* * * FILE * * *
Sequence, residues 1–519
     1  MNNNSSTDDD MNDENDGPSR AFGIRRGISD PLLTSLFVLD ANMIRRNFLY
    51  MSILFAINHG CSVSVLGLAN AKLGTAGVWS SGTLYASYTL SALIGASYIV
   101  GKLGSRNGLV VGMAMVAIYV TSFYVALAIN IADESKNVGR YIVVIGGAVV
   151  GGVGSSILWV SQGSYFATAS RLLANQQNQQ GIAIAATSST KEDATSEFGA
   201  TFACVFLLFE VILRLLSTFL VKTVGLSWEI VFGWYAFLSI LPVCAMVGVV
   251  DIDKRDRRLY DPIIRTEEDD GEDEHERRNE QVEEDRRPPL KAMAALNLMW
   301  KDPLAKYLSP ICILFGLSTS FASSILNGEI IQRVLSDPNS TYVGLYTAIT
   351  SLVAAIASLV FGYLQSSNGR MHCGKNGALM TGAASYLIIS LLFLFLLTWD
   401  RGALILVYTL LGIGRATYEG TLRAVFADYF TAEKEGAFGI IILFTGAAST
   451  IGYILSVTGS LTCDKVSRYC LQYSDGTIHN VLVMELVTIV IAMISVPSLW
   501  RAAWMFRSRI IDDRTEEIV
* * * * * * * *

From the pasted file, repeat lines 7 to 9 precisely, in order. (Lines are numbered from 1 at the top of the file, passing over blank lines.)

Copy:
   251  DIDKRDRRLY DPIIRTEEDD GEDEHERRNE QVEEDRRPPL KAMAALNLMW
   301  KDPLAKYLSP ICILFGLSTS FASSILNGEI IQRVLSDPNS TYVGLYTAIT
   351  SLVAAIASLV FGYLQSSNGR MHCGKNGALM TGAASYLIIS LLFLFLLTWD